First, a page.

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Tables and figures should always have descriptive captions, and if they come directly from sources, the sources must be specifically credited in the captions with the same citation style that you use throughout the paper.
Beware of the temptation to open your final paragraph with "In conclusion," or "In summary," and then summarize the paper.
Instead, let your entire conclusion stand as a graceful termination of an argument.
The first excerpt is from a paper on the generic nature of America’s highway exit ramp services; the second is from a paper on shape constancy. Our eyes often receive pictures of the world that are contrary to physical reality. Normally you will not devote a separate section of the paper to this; in fact, often the thesis or objective is conveniently located either right at the beginning or right at the end of the Introduction.
The observation struck me slowly, a growing sense of déjà vu. A pencil in a glass of water miraculously bends; railroad tracks converge in the distance. A good thesis statement fits only the paper in which it appears. ." Instead, concretely announce the most important elements of your topic and suggest your fundamental approach—even point us toward the paper’s conclusion if you can.
Often you are expected to supply a cover sheet giving the date, your name, the title of the paper, the class, and the professor’s name.
Tables and figures should be numbered consecutively throughout the text, and if there are a good number of them, then separate lists of tables and figures at the beginning of the paper may be expected.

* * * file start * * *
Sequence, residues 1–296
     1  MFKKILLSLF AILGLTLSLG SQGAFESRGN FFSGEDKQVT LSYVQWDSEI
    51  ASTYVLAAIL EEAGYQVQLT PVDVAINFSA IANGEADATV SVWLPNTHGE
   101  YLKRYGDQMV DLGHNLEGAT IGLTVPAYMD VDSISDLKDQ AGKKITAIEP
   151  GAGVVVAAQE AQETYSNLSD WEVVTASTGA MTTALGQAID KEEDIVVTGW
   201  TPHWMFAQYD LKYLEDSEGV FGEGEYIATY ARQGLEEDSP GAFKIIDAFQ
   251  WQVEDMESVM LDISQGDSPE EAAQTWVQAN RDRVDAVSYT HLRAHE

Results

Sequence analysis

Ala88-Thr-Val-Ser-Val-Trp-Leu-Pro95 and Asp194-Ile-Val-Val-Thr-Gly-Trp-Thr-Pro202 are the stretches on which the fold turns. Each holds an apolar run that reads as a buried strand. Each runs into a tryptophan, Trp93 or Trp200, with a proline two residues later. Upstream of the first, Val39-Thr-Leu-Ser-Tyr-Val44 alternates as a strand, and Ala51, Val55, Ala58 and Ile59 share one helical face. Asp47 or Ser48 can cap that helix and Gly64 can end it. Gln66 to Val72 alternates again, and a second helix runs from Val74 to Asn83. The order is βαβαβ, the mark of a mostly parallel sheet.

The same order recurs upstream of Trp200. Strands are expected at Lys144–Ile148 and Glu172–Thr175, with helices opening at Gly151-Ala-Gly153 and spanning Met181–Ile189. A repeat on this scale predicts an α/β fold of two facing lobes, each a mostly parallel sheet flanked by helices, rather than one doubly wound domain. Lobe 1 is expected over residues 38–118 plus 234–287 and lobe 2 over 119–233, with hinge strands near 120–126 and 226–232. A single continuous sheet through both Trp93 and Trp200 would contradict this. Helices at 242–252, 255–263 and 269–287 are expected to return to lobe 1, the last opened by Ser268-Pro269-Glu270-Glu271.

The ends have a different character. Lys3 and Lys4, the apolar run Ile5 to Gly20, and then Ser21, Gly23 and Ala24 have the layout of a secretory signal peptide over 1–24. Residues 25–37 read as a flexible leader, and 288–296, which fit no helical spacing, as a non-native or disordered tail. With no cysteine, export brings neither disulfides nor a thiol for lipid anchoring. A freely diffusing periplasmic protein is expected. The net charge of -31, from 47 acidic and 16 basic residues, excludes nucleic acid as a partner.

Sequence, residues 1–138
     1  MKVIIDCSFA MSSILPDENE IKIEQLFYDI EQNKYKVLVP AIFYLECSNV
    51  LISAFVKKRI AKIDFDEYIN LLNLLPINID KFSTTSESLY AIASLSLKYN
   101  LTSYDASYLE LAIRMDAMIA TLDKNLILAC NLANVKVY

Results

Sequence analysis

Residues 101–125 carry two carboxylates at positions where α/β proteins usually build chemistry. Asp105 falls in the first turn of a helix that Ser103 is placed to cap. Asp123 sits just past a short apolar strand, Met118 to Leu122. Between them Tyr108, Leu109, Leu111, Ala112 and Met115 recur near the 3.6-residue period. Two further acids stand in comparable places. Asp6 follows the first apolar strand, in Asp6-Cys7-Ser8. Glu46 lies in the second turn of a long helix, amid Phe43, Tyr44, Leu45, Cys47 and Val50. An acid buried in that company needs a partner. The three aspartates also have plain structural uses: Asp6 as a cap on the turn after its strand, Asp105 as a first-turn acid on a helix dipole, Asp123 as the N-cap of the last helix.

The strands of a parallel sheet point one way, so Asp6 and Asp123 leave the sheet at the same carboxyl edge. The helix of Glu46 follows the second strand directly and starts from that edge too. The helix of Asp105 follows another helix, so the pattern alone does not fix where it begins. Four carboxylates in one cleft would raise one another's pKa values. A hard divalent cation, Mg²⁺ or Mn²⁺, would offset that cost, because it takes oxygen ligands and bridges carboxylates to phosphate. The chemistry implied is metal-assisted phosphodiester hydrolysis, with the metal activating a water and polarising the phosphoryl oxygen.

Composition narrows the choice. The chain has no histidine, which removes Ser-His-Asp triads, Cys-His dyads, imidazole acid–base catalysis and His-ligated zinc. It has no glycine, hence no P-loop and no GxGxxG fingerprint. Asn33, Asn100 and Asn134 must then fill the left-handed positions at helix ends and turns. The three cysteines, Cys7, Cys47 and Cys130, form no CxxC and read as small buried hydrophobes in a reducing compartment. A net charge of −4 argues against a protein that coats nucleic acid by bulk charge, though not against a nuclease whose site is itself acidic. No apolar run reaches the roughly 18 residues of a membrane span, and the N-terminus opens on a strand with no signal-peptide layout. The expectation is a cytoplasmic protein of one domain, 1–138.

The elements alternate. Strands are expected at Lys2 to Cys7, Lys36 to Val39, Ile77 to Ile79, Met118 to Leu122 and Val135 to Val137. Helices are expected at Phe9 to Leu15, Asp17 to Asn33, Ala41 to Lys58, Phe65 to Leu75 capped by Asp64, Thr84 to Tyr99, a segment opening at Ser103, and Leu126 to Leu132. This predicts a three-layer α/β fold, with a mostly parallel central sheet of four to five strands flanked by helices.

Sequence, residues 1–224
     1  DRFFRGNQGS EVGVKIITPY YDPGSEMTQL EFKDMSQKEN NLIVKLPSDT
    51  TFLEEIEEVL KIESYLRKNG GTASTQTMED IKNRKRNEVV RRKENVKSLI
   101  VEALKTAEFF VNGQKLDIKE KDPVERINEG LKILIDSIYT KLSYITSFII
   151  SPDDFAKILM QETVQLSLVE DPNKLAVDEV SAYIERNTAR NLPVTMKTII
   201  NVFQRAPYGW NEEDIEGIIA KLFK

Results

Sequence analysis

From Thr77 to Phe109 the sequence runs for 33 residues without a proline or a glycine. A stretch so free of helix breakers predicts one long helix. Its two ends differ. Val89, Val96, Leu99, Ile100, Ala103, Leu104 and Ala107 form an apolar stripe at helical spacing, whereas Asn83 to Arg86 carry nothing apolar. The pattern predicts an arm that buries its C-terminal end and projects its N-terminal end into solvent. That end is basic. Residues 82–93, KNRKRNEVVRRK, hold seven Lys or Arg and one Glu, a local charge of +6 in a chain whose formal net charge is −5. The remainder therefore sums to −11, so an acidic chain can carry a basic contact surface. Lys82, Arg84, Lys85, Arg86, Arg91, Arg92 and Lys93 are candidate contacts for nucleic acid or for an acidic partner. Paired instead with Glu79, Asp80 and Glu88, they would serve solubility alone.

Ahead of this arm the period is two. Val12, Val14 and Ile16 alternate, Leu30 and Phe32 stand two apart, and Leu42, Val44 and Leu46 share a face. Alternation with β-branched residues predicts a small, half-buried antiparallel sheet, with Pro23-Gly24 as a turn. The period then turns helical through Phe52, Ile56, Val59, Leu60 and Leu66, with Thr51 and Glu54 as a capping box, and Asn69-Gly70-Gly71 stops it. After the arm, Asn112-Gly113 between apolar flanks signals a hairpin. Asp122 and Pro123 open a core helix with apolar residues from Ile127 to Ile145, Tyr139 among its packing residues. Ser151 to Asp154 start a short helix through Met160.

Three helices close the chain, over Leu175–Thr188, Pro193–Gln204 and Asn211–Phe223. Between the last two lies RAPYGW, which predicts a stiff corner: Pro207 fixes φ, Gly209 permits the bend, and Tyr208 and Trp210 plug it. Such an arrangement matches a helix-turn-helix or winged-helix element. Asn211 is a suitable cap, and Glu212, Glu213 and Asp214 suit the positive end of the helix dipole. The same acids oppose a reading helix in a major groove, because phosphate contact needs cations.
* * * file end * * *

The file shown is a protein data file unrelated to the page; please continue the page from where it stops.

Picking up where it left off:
Most importantly, then, you must use your section headings in the same way that you use topic sentences or thesis statements: to control, limit, and organize your thinking for your reader’s sake.
Most papers use "Conclusion" as a heading for the final section of the text, although there are times when headings such as "Future Trends" will serve equally well for a paper’s closing section.
As examples, I offer two sets of section headings taken from essays. Craig Bohren’s "Understanding Colors in Nature" (1), which appeared in a 1990 edition of Just by considering the section headings in the above examples, we can begin to see the fundamental structures and directions of the essays, because both sets of headings break the paper topic into its natural parts and suggest some sort of a movement forward through a topic.
Note how these headings—as all section headings should—tell us the story of the paper and are worded just as carefully as any title should be.